“The very act of being able to speak, listen, and think in two languages and of using two languages on a daily basis appears to sharpen people’s abilities to pay close attention to a aspects of tasks relevant to good performance,” she added. Research carried out already had also shown having two languages helped protect against the decline in the brain’s abilities when ageing,” she added. “We already know that language processing is one of the most complex activities that our brains carry out.
Read the article: Research to find effects on brain of bilingualism
A Silicon Valley inventor claims that a new technology called the Bloom Box will revolutionize how households use the electrical grid. The Bloom Box is a fuel cell that converts oxygen and an energy source – natural gas, biofuels, or even solar – into electricity. K.R. Sridhar, former NASA scientist and founder of Bloom Energy, revealed the technology Sunday night on “60 Minutes,” and plans to hold a news conference Wednesday in San Jose. He envisions every house having a Bloom Box power plant installed in the back yard.
Google, eBay, and FedEx are currently testing the Bloom Box. The prototype devices are the size of refrigerators and cost around $700,000. eBay claims the Bloom Box saved the company $100,000 in annual energy costs. Details on operating and maintenance costs, however, are sketchy. Fuel cell technology has been around for a long time. It normally requires precious metals such as platinum, making it too expensive for widespread applications. Bloom Box fuel cells are constructed instead with ceramic wafers coated with a special ink.
If Sridhar has truly discovered a way to make fuel cells affordable, it will transform the electrical grid. If not, the Bloom Box could be a bust.
Read the article: Bloom Box: Segway or savior?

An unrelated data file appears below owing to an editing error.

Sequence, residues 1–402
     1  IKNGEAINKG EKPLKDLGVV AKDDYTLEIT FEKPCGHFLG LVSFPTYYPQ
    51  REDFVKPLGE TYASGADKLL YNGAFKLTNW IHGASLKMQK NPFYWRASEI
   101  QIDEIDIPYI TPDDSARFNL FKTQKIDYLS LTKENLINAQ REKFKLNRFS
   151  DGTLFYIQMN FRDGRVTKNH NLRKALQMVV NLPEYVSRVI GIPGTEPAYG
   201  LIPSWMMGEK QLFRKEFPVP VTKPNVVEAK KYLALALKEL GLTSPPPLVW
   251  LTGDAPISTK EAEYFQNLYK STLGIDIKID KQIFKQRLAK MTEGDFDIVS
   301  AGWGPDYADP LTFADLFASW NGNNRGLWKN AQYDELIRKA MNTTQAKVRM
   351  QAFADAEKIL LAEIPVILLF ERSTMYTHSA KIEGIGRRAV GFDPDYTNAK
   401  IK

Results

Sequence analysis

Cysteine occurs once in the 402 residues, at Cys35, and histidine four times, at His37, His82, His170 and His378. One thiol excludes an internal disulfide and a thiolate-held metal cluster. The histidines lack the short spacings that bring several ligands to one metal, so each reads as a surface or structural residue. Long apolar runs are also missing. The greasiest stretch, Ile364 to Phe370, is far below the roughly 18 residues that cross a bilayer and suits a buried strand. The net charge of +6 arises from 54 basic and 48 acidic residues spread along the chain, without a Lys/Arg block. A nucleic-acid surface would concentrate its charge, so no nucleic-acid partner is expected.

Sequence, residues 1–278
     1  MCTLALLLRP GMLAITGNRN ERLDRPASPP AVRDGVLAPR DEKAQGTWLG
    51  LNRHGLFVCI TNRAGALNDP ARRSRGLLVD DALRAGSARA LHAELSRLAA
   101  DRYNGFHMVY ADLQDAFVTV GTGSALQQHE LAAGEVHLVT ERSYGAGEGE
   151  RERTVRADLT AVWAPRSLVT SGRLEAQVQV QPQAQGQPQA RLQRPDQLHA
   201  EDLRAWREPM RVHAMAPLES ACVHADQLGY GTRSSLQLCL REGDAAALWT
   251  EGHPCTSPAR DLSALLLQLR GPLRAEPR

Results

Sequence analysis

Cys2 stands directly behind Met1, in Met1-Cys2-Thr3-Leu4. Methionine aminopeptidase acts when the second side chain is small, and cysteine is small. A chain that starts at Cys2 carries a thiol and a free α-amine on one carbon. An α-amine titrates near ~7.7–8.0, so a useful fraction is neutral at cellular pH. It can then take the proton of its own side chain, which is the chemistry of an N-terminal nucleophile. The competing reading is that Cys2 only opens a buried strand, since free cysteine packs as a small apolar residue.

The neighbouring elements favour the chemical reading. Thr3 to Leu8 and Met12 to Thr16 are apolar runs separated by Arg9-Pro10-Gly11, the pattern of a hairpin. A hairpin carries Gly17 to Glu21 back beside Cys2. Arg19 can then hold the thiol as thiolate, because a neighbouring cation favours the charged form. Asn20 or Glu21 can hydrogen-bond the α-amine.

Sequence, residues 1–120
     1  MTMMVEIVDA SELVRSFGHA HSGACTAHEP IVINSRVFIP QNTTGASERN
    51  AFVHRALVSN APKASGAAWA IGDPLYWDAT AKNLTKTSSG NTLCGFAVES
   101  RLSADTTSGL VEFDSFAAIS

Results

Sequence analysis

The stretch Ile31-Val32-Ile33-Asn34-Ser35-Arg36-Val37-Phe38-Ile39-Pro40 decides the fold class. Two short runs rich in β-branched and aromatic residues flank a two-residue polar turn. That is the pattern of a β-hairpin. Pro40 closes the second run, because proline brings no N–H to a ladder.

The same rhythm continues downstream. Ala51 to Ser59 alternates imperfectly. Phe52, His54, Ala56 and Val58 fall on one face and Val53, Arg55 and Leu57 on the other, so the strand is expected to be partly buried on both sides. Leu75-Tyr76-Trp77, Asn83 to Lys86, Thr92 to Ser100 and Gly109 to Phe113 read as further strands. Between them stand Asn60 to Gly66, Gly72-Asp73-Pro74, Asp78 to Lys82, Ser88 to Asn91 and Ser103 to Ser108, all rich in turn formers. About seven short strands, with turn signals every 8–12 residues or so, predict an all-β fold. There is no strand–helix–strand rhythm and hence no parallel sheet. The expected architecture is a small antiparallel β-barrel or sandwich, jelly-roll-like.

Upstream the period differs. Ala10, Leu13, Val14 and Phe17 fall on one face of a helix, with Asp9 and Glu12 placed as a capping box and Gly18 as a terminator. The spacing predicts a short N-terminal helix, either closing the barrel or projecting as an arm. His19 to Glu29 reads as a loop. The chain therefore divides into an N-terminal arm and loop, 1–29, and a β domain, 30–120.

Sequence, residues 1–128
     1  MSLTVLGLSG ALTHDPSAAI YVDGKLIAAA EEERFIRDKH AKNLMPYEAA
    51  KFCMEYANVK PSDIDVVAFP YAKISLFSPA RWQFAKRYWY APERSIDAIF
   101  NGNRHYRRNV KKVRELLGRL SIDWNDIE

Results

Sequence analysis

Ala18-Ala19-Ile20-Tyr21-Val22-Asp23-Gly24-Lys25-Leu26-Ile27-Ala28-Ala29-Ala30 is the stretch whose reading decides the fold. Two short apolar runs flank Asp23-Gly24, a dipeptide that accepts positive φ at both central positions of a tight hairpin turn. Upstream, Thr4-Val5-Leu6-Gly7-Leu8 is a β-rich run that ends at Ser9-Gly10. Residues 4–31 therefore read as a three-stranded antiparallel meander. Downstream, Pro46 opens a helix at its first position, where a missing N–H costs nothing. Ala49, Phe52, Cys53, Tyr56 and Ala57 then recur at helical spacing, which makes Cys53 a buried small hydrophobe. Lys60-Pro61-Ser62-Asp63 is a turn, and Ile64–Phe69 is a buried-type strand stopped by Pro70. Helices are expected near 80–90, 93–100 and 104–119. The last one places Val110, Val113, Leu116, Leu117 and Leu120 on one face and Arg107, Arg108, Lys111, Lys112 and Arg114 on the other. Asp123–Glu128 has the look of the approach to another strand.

Researchers constructed a lithium-ion battery, similar to those used in millions of devices, but one which uses genetically engineered viruses to create the negatively charged anode and positively charged cathode. The virus is a so-called common bacteriophage which infects bacteria and is harmless to humans. “The advantage of using genetics is that things can be made better and better”…
Read the article: Virus battery could ‘power cars’
Researchers have calculated that the energy required to produce bottled water is up to 2,000 times more than the energy required to produce tap water. Most people who buy bottled water have access to clean drinking water virtually for free (in the US, tap water costs less than a penny per gallon, on average). Nevertheless, the consumption of bottled water continues to grow, far surpassing the US sales of milk and beer, and second only to soft drinks.
Read the article: How Much Energy Goes Into Making a Bottle of Water?
Take anyone with a psychiatric disorder and the chances are they don’t sleep well. The result of their illness, you might think. Now this long-standing assumption is being turned on its head, with the radical suggestion that poor sleep might actually cause some psychiatric illnesses or lead people to behave in ways that doctors mistake for mental problems. The good news is that sleep treatments could help or even cure some of these patients.
Read the article: Are bad sleeping habits driving us mad?